Still reeling from New York’s other Marathon

By Todd Simmons

After taking in three dozen bands over the past five days, I’m now expecting to see a band everywhere I go. I can’t even get through a night’s slumber without reoccurring dreams of entrance queues, panel discussions, crammed basements, and endless torrents of indie rock music. Saying that the CMJ Music Marathon is a delirious romp through the current music crop is like saying that the 6-train is mobbed at rush hour. It’s really no secret.

Covering CMJ for the first time, I anticipated bedlam. The teeming hordes at festival headquarters at Lincoln Center on Tuesday provided a clear warning of the impending wave of humanity on the horizon. So with festival guide in hand and CMJ badge around my neck, I set out on Halloween to wade into it. I began at Midway on Avenue B with a set from Brooklyn band Mudville, a torchy lounge outfit led by singer Marilyn Carino and bassist Ben Rubin that played a moodily cool set before a quarter-filled room. From there it was off to the official opening event at The Bowery Ballroom, featuring The Rapture. The line snaked its way a block long and most weren’t able to get inside. The band came on stage in the Halloween spirit to the ghoulish sounds of the “Monster Mash” dressed in glowing skeleton costumes. They played their PIL meets The Cure material with polished enthusiasm.

From there I dashed down to Fontana’s on Eldridge St. to catch The Mess Hall. After another lengthy wait outside in the chill, I scrambled through the packed house to the basement just in time for one of the festival’s great surprises. The Mess Hall, a two-man band from Australia, delivered a scorching set of souped-up garage rock that was one of my favorite sets of the week. The fact that this band has no American record deal is astonishing.

The most significant pattern at this festival (aside from the fact that every band now has a Myspace page to refer to) was a preponderance of talented female musicians. New Yorker Kaki King delivered a compelling set of expansive, guitar atmospherics at The Living Room. Bassist Kay Stanton drove the Casper and The Cookies (Athens, Ga) show at The Cake Shop with authority. A rock solid set from Brooklyn’s The Waylons at Lion’s Den was anchored by the razor-sharp drumming of Sandy Levering. The three guys up front on guitars churned out pop-rock gems while Levering gave the sound its backbone with crisp percussion. At 1:00 a.m. on Friday morning, Tina Gorin made up half of Bad Wizard’s twin guitar assault during their ultra-heavy AC/DC meets Thin Lizzy meets The Melvins set that was as entertaining as it was bawdy and loud.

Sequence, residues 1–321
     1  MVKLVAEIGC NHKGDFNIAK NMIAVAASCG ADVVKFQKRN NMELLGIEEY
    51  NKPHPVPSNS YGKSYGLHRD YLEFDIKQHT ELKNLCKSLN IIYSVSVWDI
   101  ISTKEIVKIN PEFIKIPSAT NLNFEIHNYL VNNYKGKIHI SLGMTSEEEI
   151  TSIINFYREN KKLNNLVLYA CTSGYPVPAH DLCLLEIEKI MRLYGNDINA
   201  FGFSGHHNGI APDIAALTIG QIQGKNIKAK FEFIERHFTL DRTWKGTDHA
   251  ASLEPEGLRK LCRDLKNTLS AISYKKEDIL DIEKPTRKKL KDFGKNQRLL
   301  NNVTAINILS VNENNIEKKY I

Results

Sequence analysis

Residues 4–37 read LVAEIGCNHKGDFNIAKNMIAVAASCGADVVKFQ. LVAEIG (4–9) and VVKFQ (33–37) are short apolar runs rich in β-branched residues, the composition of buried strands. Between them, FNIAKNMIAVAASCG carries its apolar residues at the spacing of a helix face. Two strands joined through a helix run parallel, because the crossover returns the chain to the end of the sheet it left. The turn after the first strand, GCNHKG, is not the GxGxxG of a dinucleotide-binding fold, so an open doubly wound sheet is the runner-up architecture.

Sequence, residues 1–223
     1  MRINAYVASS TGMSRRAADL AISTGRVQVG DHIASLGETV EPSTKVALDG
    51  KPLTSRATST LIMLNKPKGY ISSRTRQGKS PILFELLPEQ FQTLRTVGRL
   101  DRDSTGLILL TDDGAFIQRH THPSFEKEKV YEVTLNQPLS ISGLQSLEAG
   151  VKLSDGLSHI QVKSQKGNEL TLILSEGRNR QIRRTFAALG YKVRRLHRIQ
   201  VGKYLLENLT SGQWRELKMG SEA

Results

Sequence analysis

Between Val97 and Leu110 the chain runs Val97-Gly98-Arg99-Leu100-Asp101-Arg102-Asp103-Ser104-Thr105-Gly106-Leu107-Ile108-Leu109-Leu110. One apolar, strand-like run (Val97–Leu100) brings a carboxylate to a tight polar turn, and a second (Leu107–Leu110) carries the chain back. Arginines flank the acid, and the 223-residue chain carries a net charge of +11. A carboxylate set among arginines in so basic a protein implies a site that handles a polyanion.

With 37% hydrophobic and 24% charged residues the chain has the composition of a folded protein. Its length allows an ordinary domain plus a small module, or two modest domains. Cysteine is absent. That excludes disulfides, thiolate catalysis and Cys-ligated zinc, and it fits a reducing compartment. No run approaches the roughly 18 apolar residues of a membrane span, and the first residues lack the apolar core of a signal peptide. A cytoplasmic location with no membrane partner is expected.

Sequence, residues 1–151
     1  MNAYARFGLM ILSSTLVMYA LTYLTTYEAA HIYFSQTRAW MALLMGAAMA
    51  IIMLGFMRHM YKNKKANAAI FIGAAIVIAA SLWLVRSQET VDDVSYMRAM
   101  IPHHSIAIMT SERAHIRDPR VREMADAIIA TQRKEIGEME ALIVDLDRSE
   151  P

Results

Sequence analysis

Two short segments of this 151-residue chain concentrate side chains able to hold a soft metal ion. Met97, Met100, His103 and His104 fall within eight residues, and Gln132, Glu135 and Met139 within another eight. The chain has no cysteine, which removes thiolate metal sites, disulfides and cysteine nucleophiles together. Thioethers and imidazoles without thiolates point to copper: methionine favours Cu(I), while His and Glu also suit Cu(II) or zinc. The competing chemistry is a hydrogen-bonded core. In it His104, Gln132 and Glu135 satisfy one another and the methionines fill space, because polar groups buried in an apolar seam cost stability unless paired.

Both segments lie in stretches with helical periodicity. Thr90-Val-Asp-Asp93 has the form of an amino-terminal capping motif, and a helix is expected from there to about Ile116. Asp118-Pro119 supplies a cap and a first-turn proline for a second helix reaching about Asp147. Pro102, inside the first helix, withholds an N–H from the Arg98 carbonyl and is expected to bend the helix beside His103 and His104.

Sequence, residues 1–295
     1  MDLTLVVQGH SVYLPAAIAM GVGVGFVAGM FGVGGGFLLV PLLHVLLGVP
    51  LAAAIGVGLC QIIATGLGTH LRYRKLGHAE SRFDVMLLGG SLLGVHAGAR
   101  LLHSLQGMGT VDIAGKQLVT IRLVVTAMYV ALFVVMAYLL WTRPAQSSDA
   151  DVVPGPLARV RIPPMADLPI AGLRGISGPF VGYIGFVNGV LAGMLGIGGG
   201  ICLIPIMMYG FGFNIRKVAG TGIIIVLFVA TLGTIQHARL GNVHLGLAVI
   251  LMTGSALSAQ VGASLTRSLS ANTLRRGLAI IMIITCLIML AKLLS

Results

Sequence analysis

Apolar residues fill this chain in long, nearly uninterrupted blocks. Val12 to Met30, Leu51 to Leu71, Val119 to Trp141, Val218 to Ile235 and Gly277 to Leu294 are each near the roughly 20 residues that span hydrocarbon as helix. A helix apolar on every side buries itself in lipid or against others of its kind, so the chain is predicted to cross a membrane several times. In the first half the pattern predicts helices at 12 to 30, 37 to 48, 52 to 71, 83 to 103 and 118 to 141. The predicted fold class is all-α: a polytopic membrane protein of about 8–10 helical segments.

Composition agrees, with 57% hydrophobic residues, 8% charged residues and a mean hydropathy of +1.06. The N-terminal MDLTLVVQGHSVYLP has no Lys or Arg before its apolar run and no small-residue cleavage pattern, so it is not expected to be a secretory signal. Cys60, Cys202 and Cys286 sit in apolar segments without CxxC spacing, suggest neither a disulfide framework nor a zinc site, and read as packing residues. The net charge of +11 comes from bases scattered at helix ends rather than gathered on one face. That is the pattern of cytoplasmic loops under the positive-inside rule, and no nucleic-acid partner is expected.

While much of what I heard was uninspired variations on the two-chord power-pop model, there were some exciting versions, as well. At Rebel on W.30th St., I witnessed the hyperkinetic, mustachioed Pop Levi from Liverpool. His mannered but convincing psych-rock was infectious and the sparse audience was clearly into it. Keith John Adams, another Liverpudlian, banged out an excellent half hour of driving garage rock, capped off by a song on toy piano. Death of Fashion (Long Island City) did their Pixies-esque Goth thing to the delight of the crowd at Fontana’s. Nervous Cabaret, with Pakistani singer Elyas Khan’s undulating delivery, was a fantastic collision of horns, junk shop rhythms and throbbing bass lines that were impossible to ignore. They were also my final band of CMJ and now, after a week of non-stop music, its time to replace my shoes and get some sleep.